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New festival format opens doors to potential changes in future | The Courier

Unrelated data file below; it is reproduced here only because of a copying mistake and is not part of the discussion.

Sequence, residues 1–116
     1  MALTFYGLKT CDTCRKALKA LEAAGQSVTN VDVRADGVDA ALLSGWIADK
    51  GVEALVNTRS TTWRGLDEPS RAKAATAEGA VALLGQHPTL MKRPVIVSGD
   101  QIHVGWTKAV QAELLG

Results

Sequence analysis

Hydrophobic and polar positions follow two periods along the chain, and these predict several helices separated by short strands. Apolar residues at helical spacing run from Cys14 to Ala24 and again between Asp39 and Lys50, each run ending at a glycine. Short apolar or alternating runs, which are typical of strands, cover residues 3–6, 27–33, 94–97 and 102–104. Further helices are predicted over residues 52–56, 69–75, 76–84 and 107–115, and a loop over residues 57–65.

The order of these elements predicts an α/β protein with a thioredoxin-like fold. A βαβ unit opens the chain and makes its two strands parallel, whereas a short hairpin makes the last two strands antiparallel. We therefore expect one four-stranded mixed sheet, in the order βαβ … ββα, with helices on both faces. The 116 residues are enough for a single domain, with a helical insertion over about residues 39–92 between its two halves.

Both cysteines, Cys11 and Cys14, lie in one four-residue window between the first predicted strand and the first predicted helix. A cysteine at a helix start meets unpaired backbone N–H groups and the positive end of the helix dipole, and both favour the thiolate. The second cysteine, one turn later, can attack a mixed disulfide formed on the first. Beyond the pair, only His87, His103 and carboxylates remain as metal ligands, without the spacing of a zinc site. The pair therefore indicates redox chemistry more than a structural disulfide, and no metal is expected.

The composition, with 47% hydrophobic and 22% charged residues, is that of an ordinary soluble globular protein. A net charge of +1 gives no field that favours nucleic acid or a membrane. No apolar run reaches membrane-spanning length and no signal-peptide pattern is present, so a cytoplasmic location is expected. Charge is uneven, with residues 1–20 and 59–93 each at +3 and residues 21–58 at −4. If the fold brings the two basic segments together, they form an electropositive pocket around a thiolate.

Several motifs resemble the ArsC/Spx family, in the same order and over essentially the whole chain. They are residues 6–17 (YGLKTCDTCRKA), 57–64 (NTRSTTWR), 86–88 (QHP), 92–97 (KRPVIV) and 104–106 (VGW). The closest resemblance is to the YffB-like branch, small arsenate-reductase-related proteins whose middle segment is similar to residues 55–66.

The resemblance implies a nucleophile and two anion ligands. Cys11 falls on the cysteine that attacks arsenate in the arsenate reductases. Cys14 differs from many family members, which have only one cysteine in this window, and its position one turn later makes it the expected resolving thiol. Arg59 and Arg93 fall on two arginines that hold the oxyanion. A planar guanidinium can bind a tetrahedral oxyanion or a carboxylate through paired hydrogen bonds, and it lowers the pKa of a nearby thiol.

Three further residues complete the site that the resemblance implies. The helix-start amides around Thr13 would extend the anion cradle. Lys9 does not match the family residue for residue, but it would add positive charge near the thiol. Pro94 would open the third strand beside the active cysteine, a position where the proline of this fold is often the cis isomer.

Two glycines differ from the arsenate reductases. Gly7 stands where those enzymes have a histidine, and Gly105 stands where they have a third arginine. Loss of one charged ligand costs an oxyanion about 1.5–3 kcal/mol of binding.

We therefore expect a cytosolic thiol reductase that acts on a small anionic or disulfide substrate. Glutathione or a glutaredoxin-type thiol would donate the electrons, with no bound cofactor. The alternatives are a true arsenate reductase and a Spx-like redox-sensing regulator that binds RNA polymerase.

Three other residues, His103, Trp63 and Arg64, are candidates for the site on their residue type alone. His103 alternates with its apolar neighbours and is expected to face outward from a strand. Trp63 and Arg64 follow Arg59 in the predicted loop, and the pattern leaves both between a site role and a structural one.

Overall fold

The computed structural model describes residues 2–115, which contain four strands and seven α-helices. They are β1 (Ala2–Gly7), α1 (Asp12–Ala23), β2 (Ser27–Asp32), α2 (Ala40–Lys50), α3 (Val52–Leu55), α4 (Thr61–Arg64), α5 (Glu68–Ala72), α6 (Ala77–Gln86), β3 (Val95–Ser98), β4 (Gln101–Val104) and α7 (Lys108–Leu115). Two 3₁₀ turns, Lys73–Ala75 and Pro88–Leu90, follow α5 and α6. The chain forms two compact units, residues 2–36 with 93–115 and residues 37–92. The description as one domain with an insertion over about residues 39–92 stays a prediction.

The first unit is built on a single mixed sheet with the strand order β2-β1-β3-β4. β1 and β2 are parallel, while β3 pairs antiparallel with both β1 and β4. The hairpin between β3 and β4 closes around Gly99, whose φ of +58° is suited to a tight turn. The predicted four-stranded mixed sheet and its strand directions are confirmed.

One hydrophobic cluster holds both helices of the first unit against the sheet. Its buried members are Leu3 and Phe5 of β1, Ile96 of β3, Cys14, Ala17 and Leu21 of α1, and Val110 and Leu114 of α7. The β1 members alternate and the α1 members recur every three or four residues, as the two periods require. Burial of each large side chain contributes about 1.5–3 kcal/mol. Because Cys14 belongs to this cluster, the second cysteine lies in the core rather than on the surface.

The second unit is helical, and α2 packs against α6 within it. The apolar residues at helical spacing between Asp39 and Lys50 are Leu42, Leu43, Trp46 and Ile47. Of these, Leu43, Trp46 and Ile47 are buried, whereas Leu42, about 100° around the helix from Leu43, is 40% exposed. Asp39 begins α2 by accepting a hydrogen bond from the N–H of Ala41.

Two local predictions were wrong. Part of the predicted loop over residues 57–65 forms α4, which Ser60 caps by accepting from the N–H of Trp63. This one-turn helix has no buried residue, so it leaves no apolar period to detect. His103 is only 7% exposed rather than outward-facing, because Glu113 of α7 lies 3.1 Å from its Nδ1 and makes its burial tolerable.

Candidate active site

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One of Ballarat’s biggest events of the year could be changed forever after a successful opening weekend to the Begonia Festival, according to City of Ballarat mayor Daniel Moloney. Almost exactly 12 months after the Begonia Festival marked Ballarat’s last public event before months of lockdowns, the reinvented festival launched on Saturday, adhering to new guidelines with the traditional Labour Day long weekend event at the Ballarat Botanical Gardens replaced by a sprawling celebration taking place across Ballarat over three weeks. While the traditional begonia display at the Ballarat Botanical Gardens remains, it has been joined by an urban garden at Civic Hall and art installations along the Sturt Street gardens and Buninyong Botanic Gardens. Cr Moloney said the festival’s opening weekend was like seeing “the Ballarat of old” and estimated that numbers across the festival could match a normal year. “It went great. Surprisingly really well in the sense that right down to seeing queues of people lined up 50 deep to get into the begonia displays through to all the hospitality venues being full around town, it’s been fantastic,” he said. IN OTHER NEWS: “Normally, we would get 60,000 over each of the three days and it’s quite possible we could see those numbers spread out over the three weeks. “A lot of the car parks were taken, there were hundreds of people at each of the venues and sitting in the gardens in the median and that’s what people used to do in previous generations so, if anything, we’re reviving a lot of ideas of the past which is pretty cool when you compare old photos of Ballarat to what we’re seeing this weekend with people enjoying the CBD gardens again.” Cr Moloney said the use of multiple locations was something that could remain in planning for future Begonia Festivals. “I think this will probably change the face of the Begonia Festival forever,” he said. “There was a time when shopkeepers used to do up the shops to have a begonia theme and have a city component that used to filter through to the gardens and that’s been lost, but having it rejuvenated in the CBD and having an anchor at both the gardens and Sturt Street is a really good link between the areas and brings people to the gardens and then the CBD to dine and spend money. “I think it’s more the multiple locations in the future rather than multiple weekends because our calendar is normally pretty packed.” It was a busy weekend across Ballarat, with the Begonia Festival being complemented by the ChillOut Festival in Daylesford, the Ballarat Senior Basketball Tournament and the Ballarat Gift, marking the biggest events weekend in the region since the pandemic took hold last March. Cr Moloney said while RoadNats was an important event, this weekend had a wider appeal across its various events. “I think that all of it does paint a pretty compelling picture for someone from out of town to come to Ballarat,” he said. With the organisation of events a very different beast compared to 12 months ago, Cr Moloney said there had yet to be any concerns about COVID-19 safety breaches. “There’s always a hint of nervousness around COVID management generally but our state and country is doing well and we want to continue to prove we can have events,” he said. “In this case, it was about spreading the event out over a greater space over a few weekends. In the end, it might be a greater return on investment for us.” If you are seeing this message you are a loyal digital subscriber to The Courier, as we made this story available only to subscribers. Thank you very much for your support and allowing us to continue telling Ballarat’s story. We appreciate your support of journalism in our great city.

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